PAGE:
Now, if the OEM wants to tie in wireless key fobs, then the "driver set" could be stored there also; although it forces drivers to make sure they always have their own key fob and not their diminutive spouse's (ouch when the seat crunches forward LoL).
Sorry, Rob. That's all the detail you get for free. LoL
Owned a 2004 TOYOTA CAMRY.... GREAT vehicle, BUT it also would lock the doors on its own after a few minutes. I asked the dealer IF this could be disabled. He said, NO! So, every time I got out of vehicle, whether removing groceries or fueling, I made darn sure that the key was in my pocket. The replacement, a 2008 TOYOTA CAMRY is even more ridiculous. When first started, the screen of the radio announces, "Welcome to Camry". Is that really necessary? The dashboard light dimmer control has been combined w/ the odometer reset control. That's an interesting combination! The "automatic" headlight function can't decide whether it's sunrise, daytime, dusk, or evening. Depending on the cloud cover and/or sky brightness, the headlights and/or dashboard lights fluctuate between full daytime settings and full nighttime settings. Are these "advances" in technology included to make us all better motor vehicle operators, OR just prove that the engineers can design w/ the latest gadgets to come from the manufacturers?
I agree with the "keep it simple" comments. This seems like electronic add-ons for the sake of electronic add-ons, which means there is more that can go wrong. It has never seemed particularly difficult to adjust the seat of any car I've owned. This sounds like a solution searching for a problem.
There's a common theme for a lot of the posts dealing with automotive & appliance designs - over use of technology just for the sake of technology (and profit). I too wish for simpler designs - I havn't had a car yet with automatic climate control that was smarter than the good old fashioned manual controls. Unfortunately, the unwanted tech stuff usually gets packaged with a truely desirable feature.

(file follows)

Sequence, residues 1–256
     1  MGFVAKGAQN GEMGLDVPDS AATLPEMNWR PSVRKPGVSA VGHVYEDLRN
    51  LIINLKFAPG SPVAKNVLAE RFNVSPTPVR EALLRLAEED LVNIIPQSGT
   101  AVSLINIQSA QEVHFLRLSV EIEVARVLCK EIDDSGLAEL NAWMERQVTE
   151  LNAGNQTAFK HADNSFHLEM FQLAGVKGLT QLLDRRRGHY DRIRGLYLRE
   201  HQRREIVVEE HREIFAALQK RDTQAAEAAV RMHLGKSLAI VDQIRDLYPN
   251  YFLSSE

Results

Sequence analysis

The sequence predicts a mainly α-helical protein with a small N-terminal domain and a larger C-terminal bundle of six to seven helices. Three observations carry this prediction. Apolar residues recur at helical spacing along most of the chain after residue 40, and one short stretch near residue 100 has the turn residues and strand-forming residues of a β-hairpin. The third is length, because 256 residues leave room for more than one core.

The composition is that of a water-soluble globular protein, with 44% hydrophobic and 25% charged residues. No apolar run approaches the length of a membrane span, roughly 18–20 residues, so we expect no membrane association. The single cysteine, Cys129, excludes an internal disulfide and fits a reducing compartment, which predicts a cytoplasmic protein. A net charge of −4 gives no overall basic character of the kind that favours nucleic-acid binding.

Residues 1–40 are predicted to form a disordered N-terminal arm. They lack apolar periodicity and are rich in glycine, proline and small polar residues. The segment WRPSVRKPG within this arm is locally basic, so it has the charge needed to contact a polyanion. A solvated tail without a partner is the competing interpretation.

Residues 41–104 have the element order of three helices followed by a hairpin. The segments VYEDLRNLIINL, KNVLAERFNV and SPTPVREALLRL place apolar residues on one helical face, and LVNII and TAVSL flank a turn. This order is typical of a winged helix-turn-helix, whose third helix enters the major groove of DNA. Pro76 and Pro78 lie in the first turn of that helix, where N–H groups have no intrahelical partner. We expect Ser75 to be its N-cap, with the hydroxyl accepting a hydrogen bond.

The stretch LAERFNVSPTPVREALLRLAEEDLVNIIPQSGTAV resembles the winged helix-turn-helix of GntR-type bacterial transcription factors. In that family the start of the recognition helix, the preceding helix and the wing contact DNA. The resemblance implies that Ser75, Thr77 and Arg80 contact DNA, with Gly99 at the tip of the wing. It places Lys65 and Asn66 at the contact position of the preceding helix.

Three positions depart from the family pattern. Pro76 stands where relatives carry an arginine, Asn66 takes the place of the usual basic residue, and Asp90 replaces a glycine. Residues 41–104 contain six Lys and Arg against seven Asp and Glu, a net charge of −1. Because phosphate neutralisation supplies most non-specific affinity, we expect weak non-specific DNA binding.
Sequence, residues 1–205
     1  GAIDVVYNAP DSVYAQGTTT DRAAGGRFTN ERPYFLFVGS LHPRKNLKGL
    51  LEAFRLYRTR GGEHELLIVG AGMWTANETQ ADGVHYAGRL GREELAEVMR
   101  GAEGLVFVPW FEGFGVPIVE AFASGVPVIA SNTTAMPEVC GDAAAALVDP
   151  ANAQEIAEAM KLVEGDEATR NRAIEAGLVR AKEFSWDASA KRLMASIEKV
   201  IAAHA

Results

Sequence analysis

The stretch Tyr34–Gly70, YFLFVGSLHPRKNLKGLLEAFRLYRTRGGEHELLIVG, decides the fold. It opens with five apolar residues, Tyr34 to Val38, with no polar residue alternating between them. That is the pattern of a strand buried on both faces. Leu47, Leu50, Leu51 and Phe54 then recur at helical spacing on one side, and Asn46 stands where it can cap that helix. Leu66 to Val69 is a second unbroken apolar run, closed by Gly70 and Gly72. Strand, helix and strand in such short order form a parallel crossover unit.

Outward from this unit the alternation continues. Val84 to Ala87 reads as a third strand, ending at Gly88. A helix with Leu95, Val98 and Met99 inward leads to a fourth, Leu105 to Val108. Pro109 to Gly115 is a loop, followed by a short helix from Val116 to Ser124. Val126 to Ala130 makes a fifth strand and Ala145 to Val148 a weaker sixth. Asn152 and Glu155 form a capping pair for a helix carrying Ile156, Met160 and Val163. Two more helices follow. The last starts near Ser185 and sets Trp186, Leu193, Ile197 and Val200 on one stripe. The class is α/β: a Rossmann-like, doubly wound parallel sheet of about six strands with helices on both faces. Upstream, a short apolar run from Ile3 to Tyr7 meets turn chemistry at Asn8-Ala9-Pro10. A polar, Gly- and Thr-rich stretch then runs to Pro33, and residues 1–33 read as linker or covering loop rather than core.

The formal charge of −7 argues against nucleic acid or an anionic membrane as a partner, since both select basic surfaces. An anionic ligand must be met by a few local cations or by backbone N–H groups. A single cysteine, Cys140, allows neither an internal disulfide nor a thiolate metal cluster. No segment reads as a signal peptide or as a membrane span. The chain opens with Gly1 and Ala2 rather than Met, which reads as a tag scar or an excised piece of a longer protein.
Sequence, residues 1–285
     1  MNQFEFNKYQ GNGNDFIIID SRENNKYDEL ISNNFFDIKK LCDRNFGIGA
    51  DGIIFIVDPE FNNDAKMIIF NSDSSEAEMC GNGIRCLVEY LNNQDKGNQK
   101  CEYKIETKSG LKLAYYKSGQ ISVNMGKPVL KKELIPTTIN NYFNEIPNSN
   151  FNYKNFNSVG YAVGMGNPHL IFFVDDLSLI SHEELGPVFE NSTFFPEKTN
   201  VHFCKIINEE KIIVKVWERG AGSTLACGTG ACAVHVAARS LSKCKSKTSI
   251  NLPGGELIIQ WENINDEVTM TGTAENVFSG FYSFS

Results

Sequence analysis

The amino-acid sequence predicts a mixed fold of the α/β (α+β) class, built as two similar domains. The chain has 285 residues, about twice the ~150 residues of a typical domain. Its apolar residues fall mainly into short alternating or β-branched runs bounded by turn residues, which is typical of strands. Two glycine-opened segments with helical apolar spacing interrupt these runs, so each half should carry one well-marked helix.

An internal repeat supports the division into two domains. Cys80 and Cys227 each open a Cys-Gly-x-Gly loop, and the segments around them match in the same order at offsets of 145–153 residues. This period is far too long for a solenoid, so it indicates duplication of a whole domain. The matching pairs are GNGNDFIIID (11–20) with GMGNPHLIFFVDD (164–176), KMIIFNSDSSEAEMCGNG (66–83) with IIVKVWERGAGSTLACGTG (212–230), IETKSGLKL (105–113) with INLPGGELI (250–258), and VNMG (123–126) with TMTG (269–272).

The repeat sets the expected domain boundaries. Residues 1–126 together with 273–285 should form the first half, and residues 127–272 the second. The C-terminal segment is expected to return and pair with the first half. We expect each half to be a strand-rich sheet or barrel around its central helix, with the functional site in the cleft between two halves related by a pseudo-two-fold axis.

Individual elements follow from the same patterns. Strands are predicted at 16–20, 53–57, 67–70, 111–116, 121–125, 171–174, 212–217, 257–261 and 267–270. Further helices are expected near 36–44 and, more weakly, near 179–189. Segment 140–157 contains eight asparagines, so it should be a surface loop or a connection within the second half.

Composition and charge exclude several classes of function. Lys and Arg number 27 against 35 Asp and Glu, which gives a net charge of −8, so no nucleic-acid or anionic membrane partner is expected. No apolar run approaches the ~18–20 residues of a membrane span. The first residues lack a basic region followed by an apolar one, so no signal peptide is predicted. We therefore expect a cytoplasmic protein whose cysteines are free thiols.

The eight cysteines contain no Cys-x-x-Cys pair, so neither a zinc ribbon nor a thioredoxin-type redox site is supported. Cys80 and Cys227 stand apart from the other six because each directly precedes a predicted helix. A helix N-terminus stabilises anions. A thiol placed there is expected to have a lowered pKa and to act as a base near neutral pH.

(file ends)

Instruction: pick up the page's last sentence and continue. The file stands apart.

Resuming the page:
I'm not sure there's an answer. It's hard to vote with your pocketbook if there's no option to vote for.
There's keep it simple, but don't you hate discovering someone's messed with your perfect driving configuration? There's no indicator for seat position for regular cars; you have to feel your way back to the right position. One more click back? No, that's not it.
Remembering settings can be terrific, if it's done correctly. 16-point adjustment sounds great, but to not have enough memory is simply lazy engineering, and the manufacturer should have a few heads chopped. There's no reason not to do a job right. When the vehicle costs in excess of $40,000, to scrimp on a few dollars of flash memory is simply LAZY.
I drive an old Saturn that uses a far more advanced methodology. When I want to position the driver's seat, I reach underneath it, grab a thin metal bar, and pull. When I want to change the radio station, I reach out and touch a button (one finger is all it takes!) and the radio changes to the specific frequency that I'm looking for.
A slew of announcements about new materials and design concepts for transportation have come out of several trade shows focusing on plastics, aircraft interiors, heavy trucks, and automotive engineering. A few more announcements have come independent of any trade shows, maybe just because it's spring.
Samsung's Galaxy line of smartphones used to fare quite well in the repairability department, but last year's flagship S5 model took a tumble, scoring a meh-inducing 5/10. Will the newly redesigned S6 lead us back into star-studded territory, or will we sink further into the depths of a repairability black hole?